We expect permanent restaurant closings to accelerate to around 30,000 net locations in 2021. We also expect net closures in 2022, but by this point, we expect those chains that have outlasted near-term headwinds will accelerate unit growth plans and open non-traditional locations.

After a nearly 10% decline in 2020, we expect the overall U.S. restaurant industry to resume growing in 2021 at a mid-single-digit clip and then a low-single-digit clip thereafter. As we project restaurant units continue to decline through 2022, our forecast implies that restaurants will post greater productivity out of existing locations in 2021 and 2022. We expect much of the productivity to come from changing consumer behavior, including digital ordering, improved delivery functionality, new to-go platforms for casual dining chains, and enhanced restaurant formats. Ultimately, we expect the industry to return to 2019 sales levels by 2023.

Consumer behaviour will reshape the industry

We see similarities between the restaurant industry during coronavirus-containment efforts and what happened to the retail industry coming out of the Great Recession in 2008-09, where consumers were quick to gravitate to online retail and many traditional brick-and-mortar retailers were slow to adapt to the changing environment. In the case of restaurants, we believe accelerated adoption of new digital ordering, delivery, and drive-thru advances will likely continue after the pandemic and require several changes from restaurant operators. We think it would be a mistake to assume that dining-in trends ever fully return to pre-pandemic levels.

Delivery is making headlines, but drive-thru and takeaway changes are likely to be more significant. 

Full-service operators are likely to see a much more pronounced shift in transaction type in 2020.

Digital ordering is likely to surpass in-person ordering.

Work-/school-from-home situations have affected restaurant daypart sales trends, but operators have started to adjust. One of the more debated questions regarding consumer behaviour in a post-pandemic environment is the future of the morning commute. Based on estimates from Morningstar’s U.S. economics research team, work-from-home employees peaked at 45% of the workforce in 2020. This shift to work-/school-from-home situations has disrupted a number of breakfast-focused restaurant concepts and will likely continue through the back half of 2020. However, what does the morning commute look like after 2020? Employees have already started to return to the office (though not always through pre-COVID forms of transportation), but it’s unlikely that the U.S. ever returns to the 9% of the workforce that worked from home before the pandemic. However, by the end of 2021, Morningstar’s U.S. economics research team forecasts that work-from-home employees stabilize in the low double digits as a percentage of the overall workforce, which bodes well for the breakfast-oriented companies we cover, including McDonald’s, Starbucks, and Dunkin’ Brands.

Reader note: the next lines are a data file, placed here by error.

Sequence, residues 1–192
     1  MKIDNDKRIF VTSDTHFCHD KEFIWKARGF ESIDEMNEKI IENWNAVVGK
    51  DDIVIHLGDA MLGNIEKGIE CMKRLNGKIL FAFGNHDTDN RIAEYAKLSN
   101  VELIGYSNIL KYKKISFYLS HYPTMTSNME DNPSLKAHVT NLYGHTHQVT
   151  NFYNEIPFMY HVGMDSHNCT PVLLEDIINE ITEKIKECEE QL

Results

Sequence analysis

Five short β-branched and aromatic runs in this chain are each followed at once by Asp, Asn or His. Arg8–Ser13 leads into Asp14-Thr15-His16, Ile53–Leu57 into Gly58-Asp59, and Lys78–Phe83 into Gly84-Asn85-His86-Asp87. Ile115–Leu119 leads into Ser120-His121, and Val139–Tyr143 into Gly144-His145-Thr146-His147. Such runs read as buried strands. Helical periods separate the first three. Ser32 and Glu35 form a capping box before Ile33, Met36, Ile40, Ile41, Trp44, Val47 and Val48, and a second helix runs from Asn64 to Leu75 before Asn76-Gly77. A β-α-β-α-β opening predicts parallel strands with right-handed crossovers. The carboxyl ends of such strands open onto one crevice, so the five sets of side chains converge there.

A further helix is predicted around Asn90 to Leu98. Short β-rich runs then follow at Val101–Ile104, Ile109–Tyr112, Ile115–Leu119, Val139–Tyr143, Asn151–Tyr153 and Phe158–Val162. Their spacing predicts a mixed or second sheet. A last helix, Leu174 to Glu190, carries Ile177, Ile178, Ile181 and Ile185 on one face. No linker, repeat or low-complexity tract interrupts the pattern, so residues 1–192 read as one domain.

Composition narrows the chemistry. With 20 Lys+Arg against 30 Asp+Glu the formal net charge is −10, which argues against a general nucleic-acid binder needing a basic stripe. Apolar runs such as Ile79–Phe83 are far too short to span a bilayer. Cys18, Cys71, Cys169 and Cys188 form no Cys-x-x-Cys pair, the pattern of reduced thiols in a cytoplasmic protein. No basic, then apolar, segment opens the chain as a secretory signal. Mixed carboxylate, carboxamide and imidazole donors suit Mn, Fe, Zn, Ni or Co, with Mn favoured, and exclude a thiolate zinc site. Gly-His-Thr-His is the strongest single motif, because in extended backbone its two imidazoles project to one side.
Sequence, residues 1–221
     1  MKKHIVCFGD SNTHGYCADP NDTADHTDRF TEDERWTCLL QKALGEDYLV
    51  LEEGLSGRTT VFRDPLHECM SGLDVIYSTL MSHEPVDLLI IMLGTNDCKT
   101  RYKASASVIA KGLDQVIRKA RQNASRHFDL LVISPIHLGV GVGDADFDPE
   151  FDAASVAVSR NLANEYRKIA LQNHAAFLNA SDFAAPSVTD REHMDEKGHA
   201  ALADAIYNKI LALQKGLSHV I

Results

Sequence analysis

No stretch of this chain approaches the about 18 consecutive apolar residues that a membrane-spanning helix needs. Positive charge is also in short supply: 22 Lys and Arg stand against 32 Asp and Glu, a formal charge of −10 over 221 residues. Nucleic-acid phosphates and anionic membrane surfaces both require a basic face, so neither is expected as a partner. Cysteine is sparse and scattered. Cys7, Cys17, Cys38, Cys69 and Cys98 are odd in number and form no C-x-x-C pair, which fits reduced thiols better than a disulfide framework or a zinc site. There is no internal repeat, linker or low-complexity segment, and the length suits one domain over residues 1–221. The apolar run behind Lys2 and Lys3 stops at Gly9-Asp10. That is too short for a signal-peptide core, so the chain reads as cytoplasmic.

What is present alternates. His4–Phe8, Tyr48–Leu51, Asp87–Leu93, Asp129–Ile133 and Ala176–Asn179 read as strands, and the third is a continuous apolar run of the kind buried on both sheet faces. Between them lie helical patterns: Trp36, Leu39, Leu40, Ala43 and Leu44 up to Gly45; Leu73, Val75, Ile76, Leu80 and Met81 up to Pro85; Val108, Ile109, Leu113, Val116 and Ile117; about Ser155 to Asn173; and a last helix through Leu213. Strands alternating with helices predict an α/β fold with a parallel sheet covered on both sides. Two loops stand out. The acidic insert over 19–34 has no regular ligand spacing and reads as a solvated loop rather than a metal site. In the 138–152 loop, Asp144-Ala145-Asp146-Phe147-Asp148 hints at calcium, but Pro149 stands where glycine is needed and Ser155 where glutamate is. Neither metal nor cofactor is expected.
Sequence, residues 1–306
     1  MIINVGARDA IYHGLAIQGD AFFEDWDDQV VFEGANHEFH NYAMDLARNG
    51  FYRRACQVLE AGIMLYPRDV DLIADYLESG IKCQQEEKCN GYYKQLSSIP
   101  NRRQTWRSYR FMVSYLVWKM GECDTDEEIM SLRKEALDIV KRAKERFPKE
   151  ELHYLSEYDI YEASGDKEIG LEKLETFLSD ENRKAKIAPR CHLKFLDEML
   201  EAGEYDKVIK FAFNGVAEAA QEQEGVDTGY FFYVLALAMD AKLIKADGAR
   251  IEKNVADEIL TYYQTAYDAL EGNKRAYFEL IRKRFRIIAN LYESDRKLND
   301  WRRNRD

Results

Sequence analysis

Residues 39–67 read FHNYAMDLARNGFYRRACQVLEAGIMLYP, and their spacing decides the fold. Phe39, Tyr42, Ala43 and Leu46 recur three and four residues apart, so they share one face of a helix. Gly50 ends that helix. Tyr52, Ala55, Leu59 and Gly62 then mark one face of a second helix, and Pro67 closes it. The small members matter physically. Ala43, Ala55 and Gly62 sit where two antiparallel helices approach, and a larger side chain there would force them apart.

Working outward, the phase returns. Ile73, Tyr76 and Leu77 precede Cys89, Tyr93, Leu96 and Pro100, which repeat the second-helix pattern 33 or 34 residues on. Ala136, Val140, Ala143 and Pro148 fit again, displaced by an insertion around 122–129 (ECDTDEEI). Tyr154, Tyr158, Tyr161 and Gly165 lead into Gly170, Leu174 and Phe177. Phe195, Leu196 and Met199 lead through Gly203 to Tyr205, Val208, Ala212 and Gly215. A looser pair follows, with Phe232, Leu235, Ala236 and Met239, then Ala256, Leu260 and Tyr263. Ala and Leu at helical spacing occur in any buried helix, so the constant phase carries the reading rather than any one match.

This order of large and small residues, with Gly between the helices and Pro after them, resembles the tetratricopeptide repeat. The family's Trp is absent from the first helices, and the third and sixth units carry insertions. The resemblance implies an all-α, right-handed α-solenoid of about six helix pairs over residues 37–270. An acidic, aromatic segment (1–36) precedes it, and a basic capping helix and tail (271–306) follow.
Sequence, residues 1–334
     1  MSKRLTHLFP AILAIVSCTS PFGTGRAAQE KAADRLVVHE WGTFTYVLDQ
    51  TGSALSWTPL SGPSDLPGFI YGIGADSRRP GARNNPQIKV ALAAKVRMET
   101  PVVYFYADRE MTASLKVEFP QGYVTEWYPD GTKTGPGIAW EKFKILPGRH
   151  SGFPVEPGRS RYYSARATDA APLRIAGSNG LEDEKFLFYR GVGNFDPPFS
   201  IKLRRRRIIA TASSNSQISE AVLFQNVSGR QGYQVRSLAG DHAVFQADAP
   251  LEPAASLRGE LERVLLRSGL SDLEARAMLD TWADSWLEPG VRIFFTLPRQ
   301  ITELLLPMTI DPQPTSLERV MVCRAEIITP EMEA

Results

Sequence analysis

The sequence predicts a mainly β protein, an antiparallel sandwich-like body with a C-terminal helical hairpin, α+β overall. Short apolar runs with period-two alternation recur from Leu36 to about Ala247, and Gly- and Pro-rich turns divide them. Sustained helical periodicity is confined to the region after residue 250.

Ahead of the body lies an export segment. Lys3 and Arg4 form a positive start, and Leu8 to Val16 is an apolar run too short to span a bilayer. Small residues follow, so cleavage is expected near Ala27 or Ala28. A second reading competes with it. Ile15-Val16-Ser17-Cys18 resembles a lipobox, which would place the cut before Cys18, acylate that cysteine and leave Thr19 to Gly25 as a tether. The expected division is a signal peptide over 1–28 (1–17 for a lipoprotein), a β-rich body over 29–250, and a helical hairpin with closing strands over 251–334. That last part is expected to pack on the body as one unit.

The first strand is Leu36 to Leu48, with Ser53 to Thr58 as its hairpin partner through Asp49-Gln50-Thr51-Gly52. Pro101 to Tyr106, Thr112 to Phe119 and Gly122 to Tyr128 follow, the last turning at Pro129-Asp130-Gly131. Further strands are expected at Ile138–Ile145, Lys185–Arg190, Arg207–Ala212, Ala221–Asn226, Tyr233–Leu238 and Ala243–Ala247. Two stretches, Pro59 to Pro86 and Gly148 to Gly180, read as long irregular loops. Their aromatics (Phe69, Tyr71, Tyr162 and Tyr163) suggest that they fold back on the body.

Even if we’re correct that the number of employees working from an office returns to somewhat normal levels by the end of 2021, we don’t necessarily think that consumer behaviour will automatically return to pre-COVID levels with respect to different dayparts, given changes in commutes (staggered work schedules, office relocations), office operating restrictions, and family/group ordering trends.

Restaurant formats will look different after the pandemic. These new format prototypes share several features, including smaller dining rooms, multiple drive-thru lanes or pickup windows (some reserved for mobile orders), as well as parking spaces reserved for third-party delivery. While these new restaurant formats will require up-front capital from operators and franchisees, we think they are ultimately aligned with evolving consumer preferences.

Rivalry with online grocers is likely to intensify. Packaged foods and beverages sold directly to consumers by manufacturers and traditional grocers, will loom as a competitive threat.

What can we expect going forward?

We don’t expect the pizza QSR category to sustain 20%-plus comps over the balance of the year as nationwide lockdown measures ease, but we believe high-teens growth is a realistic expectation for the full year.

Companies that have invested in new technologies, digitally-enabled restaurant formats, and more efficient operational procedures are poised to gain market share at the expense of smaller independent players, many of which are unlikely to survive.